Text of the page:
Wondering about the pros and cons of being a custom stationer designer? I’ve got some insights for you. For the first 5 years of running my business, I was a wedding stationery designer. It was my in for self-employment and my way out of the desk job I hated.
While I no longer take on wedding stationery clients (read this post to see why), I have a lot to owe to the industry itself. Over the last 7 years, I was able to grow my kitchen table hobby from scribbling calligraphy on envelopes, to a highly reputable and successful six-figure business designing top tier wedding stationery.
But about three years ago I said good-bye to the wedding industry. My career started to pivot into products and licensing my art, and I no longer needed to take on custom client work.
Licensing is a much more passive way of earning money as an artist, and it suits the lifestyle and business I desire to run, where working with custom stationery clients means a lot of gaps in income. No work = no money when you don’t have passive income streams set up, and the wedding industry was no longer fitting my interests as an entrepreneur. While there’s a lot of stress and responsibility that comes with working in the wedding industry, there are also some great perks to this career choice…
…including the fact that people are always getting married!
Pros of Being a Custom Stationery Designer
1. Little to no up-front investment needed to start up
Thankfully, when starting my stationery business, there wasn’t much start-up cost. John and I were broke at the time, and with the little extra money we did have, I was able to slowly afford to purchase things like a desktop computer and Adobe software. At first, I was going to my parent’s house to do all my design work using Photoshop on their computer, but eventually, I saved enough and bought a desktop and Creative Cloud membership. No business loans needed to be taken out, and thankfully with Instagram, it did the majority of my advertising (and it’s free)! Besides that, a scanner and some art supplies, you really don’t need much to get started. I was able to pay for a domain and website about 6 months into running a business, and just used Squarespace at the time…no major costs for hiring a custom site designer!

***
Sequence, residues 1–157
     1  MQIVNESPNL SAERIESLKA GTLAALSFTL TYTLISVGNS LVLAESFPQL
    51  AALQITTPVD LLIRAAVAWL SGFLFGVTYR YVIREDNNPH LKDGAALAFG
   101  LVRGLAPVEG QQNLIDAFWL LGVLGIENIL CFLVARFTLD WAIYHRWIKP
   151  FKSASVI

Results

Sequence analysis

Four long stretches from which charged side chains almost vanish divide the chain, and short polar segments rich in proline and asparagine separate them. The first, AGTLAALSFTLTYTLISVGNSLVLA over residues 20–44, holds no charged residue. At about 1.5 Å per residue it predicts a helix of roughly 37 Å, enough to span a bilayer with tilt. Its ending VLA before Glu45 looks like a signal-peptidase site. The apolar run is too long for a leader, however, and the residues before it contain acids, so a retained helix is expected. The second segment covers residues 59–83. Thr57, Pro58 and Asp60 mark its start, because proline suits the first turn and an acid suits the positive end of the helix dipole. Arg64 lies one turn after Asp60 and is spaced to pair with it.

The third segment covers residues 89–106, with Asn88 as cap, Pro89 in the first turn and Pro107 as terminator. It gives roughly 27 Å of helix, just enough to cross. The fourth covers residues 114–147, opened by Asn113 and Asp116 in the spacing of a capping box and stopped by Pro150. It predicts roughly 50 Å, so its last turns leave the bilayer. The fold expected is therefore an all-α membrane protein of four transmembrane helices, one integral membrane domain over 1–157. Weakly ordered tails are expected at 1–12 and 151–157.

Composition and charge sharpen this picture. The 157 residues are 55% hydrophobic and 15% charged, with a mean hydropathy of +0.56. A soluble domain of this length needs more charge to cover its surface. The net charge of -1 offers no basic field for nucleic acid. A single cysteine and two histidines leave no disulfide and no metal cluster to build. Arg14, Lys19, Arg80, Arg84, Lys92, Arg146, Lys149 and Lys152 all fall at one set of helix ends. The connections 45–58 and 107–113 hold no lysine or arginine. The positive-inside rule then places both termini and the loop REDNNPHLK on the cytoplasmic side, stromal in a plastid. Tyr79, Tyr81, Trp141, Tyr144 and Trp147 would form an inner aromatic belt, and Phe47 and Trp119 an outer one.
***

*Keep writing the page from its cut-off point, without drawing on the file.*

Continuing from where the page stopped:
It’s not like you need to put this huuuge deposit down on a retail space or even hire a team to get it up and running!
2. Great way to break into self-employment
Because you can get away with operating as a solo-preneur, with little cost at startup, it’s an amazing way to break into self-employment! Since then, I’ve pivoted in so many different directions with my business, but for 5 years, wedding stationery is all I did! It helped build my reputation, business savvy-ness, learn about pricing, and so much more! AKA, it taught me A TON about owning and operating a creative business!
3. Amazing exposure
Think about it! With so many vendors working on ONE wedding, tagging about that ONE day, you’re likely to be tagged by at least 2 vendors from one job! And if you do it right and attract jobs that bring in some BOMB vendors, then you’re getting reposted by photographers, planners, etc. that have bigger followings than you! This is why it’s so important to make sure your clients know to tell their vendors to TAG you in reposts!
4. The wedding industry is always growing
People are always getting married! The industry is massive and there are sooo many different types of clients to work with!
5. There’s very little training required
While working at an agency requires a degree or some form of experience, I started my custom stationery business on NO knowledge in design, art, or business. Yes, you read that correctly. I had never touched an Adobe program, I had only worked in food service (and a brief stint at an office job), and my art sucked at the time! You can build a custom stationery business with little to no training…just gotta be willing to WORK!
Cons of Being a Custom Stationery Designer